A French woman who traveled to Syria and became a prominent ISIS propagandist and recruiter is now asking to be allowed back into her home country, creating a complex dilemma for the French government.
Emilie König, 33, had converted to Islam as teenager and began wearing the black abaya and veil. König, who has claimed she began suffering discrimination after she began wearing the veil, later abandoned her husband and two small children to join the extremist group in Syria. König was taken into custody by the Kurds following the fall of ISIS’s self-proclaimed capital, Raqqa, in October, and revealed in a video that she is now being held in the legally gray Kurdish controlled region of Syria, a self-governed area whose autonomy is not technically recognized by France or any other country. In Syria, König could potentially be faced with an unfair trial and the death penalty, but, if she were to return to France, prosecutors could struggle to charge her for the crimes she’s accused of committing while in Syria and Iraq.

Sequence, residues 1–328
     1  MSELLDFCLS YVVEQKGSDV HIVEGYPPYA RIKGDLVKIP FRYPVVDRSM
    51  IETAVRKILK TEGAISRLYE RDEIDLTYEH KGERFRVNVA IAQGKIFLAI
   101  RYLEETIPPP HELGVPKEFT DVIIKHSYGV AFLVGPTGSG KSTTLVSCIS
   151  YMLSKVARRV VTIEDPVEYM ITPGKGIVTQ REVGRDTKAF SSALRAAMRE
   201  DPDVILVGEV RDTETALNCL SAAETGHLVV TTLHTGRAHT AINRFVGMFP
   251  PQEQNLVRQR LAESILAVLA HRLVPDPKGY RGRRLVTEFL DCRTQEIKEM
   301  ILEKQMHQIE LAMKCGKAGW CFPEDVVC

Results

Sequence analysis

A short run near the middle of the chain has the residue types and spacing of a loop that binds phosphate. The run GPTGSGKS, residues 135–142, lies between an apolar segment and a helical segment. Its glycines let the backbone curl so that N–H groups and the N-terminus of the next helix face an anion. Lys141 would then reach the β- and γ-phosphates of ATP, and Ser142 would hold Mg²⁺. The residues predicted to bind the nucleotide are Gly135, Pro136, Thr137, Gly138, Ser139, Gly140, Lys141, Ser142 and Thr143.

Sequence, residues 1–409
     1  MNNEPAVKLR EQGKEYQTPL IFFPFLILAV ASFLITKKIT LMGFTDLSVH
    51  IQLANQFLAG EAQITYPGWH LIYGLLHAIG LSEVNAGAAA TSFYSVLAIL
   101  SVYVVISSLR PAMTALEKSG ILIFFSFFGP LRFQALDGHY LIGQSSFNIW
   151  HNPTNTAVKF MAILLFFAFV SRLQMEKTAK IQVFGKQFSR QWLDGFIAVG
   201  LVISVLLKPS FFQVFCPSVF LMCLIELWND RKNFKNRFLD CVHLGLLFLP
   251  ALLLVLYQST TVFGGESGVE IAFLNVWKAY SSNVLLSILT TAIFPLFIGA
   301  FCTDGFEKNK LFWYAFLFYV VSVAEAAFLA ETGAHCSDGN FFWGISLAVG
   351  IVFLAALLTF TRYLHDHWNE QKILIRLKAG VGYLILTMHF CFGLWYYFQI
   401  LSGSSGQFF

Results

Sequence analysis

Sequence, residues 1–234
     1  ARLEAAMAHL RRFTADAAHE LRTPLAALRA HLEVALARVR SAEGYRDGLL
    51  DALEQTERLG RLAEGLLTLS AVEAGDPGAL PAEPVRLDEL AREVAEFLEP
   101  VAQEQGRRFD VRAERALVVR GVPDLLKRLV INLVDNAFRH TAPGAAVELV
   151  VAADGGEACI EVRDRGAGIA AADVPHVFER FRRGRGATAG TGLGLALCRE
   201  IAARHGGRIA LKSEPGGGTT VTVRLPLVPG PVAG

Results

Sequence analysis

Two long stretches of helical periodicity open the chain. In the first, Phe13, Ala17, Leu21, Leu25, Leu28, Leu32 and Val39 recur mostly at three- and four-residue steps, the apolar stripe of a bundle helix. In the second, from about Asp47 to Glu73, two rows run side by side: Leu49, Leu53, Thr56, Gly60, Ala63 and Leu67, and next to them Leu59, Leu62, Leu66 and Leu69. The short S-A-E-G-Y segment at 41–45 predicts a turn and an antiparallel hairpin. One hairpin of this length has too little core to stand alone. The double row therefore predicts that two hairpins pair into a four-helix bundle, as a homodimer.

“She would like to come back; she has asked for pardon from her family, her friends, her country,” said König’s mother in an interview with Ouest-France, who explained that she had received a telephone call from her daughter two weeks ago.
An estimated 690 French foreign fighters — 295 of whom are believed to be women — still remain in Syria, according to Paris prosecutor, François Molins. The French government, unsurprisingly, is uneasy at the potential security risk that would be posed by allowing any of them to return home.
Watch video of König below.
Read the full story at The New York Times.